• Impedance Measurement Method (S-Paramenter): Set up an S-Parameter Test Set (Network Analyzer) for S11 measurement, and do a calibration. Measure the S11 for the resonant circuit. Reflection impedance or reflection admittance can be measured instead of the S11. Tune the capacitor or the coil until a maximum null (S11) occurs at the resonance frequency, fo. For the impedance measurement, the maximum peak will occur for the parallel resonant circuit, and minimum peak for the series resonant circuit.

Relevant parameters for the read range of RFID devices are:

  1. Operating frequency and performance of antenna coils (determined by antenna & tuning)
  2. Q of antenna and tuning circuit (determined by antenna & tuning)
  3. Antenna orientation (determined by antenna & tuning)
  4. Excitation current (determined by reader module circuit)
  5. Sensitivity of receiver (determined by reader module circuit)
  6. Coding (or modulation) and decoding (or demodulation) algorithm (determined by communication protocol)
  7. Number of data bits and detection (interpretation) algorithm (determined by firmware)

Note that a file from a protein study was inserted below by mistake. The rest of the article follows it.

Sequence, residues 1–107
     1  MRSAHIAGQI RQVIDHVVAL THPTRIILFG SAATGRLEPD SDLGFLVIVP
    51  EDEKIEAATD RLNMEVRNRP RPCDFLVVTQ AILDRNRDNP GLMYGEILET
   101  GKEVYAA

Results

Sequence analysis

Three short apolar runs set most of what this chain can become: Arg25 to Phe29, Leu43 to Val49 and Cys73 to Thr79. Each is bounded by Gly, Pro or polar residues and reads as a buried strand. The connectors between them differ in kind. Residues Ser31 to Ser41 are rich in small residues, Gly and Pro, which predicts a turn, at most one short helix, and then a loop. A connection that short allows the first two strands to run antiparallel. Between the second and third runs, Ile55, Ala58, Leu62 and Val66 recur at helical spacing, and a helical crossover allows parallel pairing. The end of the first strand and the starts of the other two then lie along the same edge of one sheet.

8. Condition of operating environment (electrical noise), etc.

Antenna design for UHF RFID tags: a review and a practical application” by K. V. Seshagiri Rao, Pavel V. Nikitin and Sander F. Lam, 2004:

Work on ultra high frequency RFID antenna design. Used Frequencies bands are 866-869 MHz (Europe), 902-928 MHz North and South America and 950-956 MHz most of Asia. They used a loaded meander antenna for their study about power transmission according to respective distances.First of all they distinguished design requirments into following criteria:

  • Frequency band
  • Size and Form
  • Read Range (EIRP, Object characterisitcs, orientation)
  • Application with mobility
  • Cost
  • Reliability

In order to check their design requirements they created an design process for RFID tag antenna design, which could help me in structuring my benchmark tests:

  1. Select the application and define tag requirements
  2. Determine the materials for antenna construction
  3. Determine RF impendance of packaged RFID microcontroller chip (ASIC)
  4. Identify the type of the antenna and its parameters
  5. Perform parametric study and optimization
  6. Build and measure prototypes
  7. Design requirements met? – No (back to 5.); Yes (Design is ready!)